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BDI drops 30% in Aug, Nat Gas at Seven Year Lows, Copper Climbs

Amidst glorious stock market movements and fantastic upturns, it’s evident that any negative news is going to be looked at with scorn. Still, it’s worth mentioning that the Baltic Dry Index has been taking a toss in the recent weeks.

BDI drops 30% in Aug, Nat Gas at Seven Year Lows, Copper Climbs

Courtesy Stockcharts.com.

The BDI has fallen to 2437 as of yesterday, down 30% from the 3500 level it was at the end of July. From a June high of 4250 this is nearly 50% down.

It’s a combination of two things: Vessel supply is going up, with 806 more ships adding to dry-bulk fleets (14% more in dead-weight tons).

Of more concern is China’s dramatic reduction in buying raw materials. China’s been stockpiling a lot of raw material – like iron ore and coal – which has caused port congestion in both China and Australia. This has eased off and Chinese demand is down.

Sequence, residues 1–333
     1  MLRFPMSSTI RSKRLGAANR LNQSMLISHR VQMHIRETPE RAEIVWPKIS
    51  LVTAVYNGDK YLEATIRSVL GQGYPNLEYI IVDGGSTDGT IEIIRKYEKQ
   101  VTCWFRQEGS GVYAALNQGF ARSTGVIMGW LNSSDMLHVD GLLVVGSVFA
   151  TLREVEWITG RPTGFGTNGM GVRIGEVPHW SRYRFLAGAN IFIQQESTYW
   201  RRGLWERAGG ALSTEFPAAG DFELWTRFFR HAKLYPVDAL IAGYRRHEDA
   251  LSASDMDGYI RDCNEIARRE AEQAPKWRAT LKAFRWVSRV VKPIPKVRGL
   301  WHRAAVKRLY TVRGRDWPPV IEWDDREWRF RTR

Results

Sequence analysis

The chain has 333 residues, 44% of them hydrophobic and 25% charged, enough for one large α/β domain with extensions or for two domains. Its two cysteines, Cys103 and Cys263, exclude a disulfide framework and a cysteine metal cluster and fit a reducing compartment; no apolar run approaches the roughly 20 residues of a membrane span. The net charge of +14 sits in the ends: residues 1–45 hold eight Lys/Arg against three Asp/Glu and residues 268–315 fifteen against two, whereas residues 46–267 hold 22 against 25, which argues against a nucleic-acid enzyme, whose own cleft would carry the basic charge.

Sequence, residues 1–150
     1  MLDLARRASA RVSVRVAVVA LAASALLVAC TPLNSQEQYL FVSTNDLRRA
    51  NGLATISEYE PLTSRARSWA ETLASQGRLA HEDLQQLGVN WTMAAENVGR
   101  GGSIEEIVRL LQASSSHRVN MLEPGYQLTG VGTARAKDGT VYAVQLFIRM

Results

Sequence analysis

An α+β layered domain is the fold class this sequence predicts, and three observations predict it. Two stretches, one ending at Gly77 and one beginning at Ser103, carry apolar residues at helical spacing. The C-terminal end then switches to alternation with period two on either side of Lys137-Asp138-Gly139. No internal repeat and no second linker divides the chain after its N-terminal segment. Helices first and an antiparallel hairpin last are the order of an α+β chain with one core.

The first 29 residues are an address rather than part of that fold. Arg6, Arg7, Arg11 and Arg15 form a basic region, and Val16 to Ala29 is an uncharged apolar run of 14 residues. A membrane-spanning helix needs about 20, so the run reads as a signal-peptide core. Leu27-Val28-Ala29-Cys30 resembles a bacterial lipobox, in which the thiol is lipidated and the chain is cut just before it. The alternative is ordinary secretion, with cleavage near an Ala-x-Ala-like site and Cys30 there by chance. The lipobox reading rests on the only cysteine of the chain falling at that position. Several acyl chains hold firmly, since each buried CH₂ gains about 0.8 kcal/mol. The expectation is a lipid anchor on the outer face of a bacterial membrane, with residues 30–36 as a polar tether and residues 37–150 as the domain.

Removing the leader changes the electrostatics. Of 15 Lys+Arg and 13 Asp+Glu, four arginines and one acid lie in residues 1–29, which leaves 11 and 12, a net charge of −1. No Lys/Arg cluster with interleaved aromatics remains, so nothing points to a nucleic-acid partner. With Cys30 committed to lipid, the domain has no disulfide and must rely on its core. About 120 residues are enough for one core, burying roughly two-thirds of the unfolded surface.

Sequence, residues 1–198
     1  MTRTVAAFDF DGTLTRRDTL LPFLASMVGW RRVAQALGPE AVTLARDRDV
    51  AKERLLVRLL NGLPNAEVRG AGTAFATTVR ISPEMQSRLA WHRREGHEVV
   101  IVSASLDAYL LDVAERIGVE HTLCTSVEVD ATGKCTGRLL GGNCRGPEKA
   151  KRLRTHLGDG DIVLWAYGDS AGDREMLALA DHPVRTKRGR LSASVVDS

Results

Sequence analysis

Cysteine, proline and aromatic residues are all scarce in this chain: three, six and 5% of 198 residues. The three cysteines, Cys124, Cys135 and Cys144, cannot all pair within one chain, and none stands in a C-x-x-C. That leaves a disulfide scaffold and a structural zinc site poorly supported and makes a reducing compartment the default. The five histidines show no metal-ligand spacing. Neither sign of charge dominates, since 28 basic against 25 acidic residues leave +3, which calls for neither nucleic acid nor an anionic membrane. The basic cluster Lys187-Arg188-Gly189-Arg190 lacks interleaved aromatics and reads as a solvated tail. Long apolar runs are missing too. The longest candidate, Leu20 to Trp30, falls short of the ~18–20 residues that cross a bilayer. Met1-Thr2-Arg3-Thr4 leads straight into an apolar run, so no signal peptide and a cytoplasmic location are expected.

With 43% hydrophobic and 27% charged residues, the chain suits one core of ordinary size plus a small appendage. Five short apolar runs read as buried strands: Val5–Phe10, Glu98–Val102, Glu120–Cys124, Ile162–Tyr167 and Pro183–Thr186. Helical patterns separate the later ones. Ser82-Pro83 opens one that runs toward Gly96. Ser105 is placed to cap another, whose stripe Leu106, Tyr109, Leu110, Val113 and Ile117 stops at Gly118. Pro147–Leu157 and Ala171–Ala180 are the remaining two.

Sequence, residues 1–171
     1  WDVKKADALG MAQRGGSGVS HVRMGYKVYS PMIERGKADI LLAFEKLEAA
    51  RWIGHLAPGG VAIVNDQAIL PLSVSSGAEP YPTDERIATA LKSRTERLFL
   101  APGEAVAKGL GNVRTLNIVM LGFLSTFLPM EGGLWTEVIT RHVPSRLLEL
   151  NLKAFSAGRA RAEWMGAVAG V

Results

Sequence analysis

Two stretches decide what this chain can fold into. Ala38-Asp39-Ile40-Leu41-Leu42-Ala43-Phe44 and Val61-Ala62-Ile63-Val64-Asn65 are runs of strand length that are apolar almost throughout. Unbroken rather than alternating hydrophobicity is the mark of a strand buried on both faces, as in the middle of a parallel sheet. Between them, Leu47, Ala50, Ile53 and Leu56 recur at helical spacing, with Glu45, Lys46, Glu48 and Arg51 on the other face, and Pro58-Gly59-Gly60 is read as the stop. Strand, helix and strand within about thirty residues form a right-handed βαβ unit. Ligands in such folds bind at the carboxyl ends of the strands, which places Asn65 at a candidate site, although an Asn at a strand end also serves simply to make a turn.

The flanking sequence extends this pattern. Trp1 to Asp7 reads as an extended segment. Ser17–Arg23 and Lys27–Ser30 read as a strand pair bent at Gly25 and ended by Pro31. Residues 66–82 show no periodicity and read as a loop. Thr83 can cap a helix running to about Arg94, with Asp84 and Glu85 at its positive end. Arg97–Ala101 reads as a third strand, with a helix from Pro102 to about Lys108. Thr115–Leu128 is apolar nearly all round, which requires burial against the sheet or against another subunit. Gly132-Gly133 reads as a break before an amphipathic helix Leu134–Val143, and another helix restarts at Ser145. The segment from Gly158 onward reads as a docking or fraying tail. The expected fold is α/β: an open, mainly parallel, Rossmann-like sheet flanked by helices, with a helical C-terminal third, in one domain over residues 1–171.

China records it’s GDP as based on production, not consumption – so if they get iron ore and make steel, that’s GDP regardless of whether someone out there is using the steel. Plus, the stockpiling will have helped them convert a good amount of their US Dollar Hoard into something more useful. That it’s stopping can only mean they’ve reached their limits and that demand internally isn’t quite picking up to keep purchasing.

Another product that’s not doing very well is natural gas.

BDI drops 30% in Aug, Nat Gas at Seven Year Lows, Copper Climbs

At a price of $2.92 per MMBTU, we’re fairly close now to Anil Ambani’s asking price from RIL – the RNRL deal was struck at $2.34.

That aside, the chart is telling. Crude holds, but Nat Gas falls? Nat Gas is at or near a seven year low – I repeat, a seven year low. (Nitpick: the low was actually two trading ago) Natural Gas has some huge supply pressure – new drilling techniques have opened shale gas fields in the US. A harsh winter can change things, but the scene is interesting – crude sticking on, gas making long term lows.

Good news: Copper has risen to $2.93, which is a rapid move up from the lows earlier this year. That’s good – Copper has a substantial industrial use and isn’t quite as speculative as crude.

BDI drops 30% in Aug, Nat Gas at Seven Year Lows, Copper Climbs

But some say these times could come to an end. China’s copper stockpiling was a reason for the heady rise; and in August, their imports dropped 15%.

As an aside, going long Nat Gas and short oil or copper looks like an interesting reversion trade.

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